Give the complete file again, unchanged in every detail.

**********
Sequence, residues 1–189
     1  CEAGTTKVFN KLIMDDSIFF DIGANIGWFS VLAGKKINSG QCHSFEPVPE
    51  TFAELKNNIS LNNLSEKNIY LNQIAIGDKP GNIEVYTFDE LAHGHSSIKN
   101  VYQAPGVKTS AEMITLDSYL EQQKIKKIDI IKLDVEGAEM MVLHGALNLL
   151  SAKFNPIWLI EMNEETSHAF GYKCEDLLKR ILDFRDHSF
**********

Sequence, residues 1–189
     1  CEAGTTKVFN KLIMDDSIFF DIGANIGWFS VLAGKKINSG QCHSFEPVPE
    51  TFAELKNNIS LNNLSEKNIY LNQIAIGDKP GNIEVYTFDE LAHGHSSIKN
   101  VYQAPGVKTS AEMITLDSYL EQQKIKKIDI IKLDVEGAEM MVLHGALNLL
   151  SAKFNPIWLI EMNEETSHAF GYKCEDLLKR ILDFRDHSF